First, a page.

Without protection, N.J.’s flood-prone back bay towns risk $1.5 billion damage annually

Mar 4, 2019

A new study predicts that back bay areas along New Jersey’s coastline could incur billions of dollars in property damage over 50 years if nothing is done to protect them.

The study, conducted by the Army Corp of Engineers with funding from the state Department of Environmental Protection, assessed the flood risk to back bay towns and suggested ways to bolster them against damage caused by future storms.

Officials calculated the value of property in New Jersey’s 84 back bay municipalities and projected how much storm damage could occur over the next half-century.

They then predicted that those areas would incur an average of $1.57 billion in damage per year.

“That’s what we call a drain on the national economy, and that’s why the federal government is interested in studying that and looking at different ways of preventing that from happening,” said Peter Blum, chief of planning for the Corps’ Philadelphia district.

Back bay areas should not expect to pay that exact amount each year, since it is an average. Some years would have major storms like Hurricane Sandy, while others would experience minimal flooding, Blum said.

The study suggested a variety of ways to reduce back bay flooding that are similar to those used to protect oceanfront properties: storm surge barriers, levees, floodwalls, building lifts, living shorelines, and reefs.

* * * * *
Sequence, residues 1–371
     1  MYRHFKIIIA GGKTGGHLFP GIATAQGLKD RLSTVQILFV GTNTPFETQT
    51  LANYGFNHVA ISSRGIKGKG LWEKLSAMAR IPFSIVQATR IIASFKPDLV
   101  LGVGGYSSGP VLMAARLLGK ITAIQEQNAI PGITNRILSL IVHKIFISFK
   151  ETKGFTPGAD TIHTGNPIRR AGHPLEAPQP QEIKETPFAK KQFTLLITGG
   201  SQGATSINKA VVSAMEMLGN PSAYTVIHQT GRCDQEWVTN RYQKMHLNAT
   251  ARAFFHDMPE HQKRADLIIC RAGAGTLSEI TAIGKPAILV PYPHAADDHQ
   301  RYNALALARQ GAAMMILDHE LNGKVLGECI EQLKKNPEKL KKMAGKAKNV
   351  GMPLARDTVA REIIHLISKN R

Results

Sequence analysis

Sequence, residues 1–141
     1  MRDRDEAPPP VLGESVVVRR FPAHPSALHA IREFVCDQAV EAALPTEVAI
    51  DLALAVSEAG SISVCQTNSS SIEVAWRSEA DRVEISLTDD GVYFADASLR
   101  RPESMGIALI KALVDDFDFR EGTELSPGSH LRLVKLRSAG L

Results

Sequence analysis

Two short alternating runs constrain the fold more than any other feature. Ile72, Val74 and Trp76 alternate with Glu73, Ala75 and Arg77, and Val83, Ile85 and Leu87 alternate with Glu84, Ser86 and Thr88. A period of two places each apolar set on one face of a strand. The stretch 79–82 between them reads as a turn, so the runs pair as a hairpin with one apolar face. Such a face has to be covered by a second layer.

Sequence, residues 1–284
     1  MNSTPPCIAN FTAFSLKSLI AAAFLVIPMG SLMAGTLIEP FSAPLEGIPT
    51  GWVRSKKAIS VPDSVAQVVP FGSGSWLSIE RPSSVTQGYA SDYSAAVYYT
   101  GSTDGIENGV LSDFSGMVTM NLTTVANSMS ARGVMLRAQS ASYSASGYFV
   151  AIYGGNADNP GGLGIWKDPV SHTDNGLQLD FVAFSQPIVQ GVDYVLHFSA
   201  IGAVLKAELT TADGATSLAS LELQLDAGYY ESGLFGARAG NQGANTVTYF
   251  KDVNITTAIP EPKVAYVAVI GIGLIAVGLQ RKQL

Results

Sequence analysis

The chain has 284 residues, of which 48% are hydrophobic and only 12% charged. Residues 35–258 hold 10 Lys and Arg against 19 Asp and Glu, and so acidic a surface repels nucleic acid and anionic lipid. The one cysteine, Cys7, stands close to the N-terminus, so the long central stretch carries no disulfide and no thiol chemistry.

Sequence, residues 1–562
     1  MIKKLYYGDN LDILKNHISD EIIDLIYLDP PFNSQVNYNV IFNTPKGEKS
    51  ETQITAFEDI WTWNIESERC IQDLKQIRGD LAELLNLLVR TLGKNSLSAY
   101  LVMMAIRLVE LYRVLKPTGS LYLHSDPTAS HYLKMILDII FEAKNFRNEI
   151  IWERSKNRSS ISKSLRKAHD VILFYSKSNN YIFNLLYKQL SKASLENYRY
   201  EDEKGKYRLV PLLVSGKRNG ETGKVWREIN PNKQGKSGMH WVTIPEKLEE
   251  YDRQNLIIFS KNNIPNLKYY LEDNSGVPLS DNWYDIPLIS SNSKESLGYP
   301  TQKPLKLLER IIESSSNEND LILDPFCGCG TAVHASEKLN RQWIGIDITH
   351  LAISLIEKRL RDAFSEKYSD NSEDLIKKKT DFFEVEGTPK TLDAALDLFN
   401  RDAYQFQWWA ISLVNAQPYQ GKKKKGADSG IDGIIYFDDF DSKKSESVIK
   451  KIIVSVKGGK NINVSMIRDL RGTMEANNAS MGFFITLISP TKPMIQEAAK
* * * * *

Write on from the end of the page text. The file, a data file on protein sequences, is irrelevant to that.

“We’ve identified lots of solutions — not just the problems,” Blum said. “Now we’ll be spending the rest of the study honing in on maximizing a solution or coming up with the one that’s most economical” to a given area.

Experts say planning for future storms will take a flexible approach that accounts for the low and high estimates of sea level rise.

“[For] some places, there are going to be clear engineering solutions,” said Robert Kopp, director of the Institute of Earth, Ocean & Atmospheric Sciences at Rutgers University.

Kopp said New Jersey could see sea levels rise anywhere from 2 to 8 feet by the year 2100.

“Other places, we may need to think about how we gradually transition people to safer locations over the course of several decades,” he said.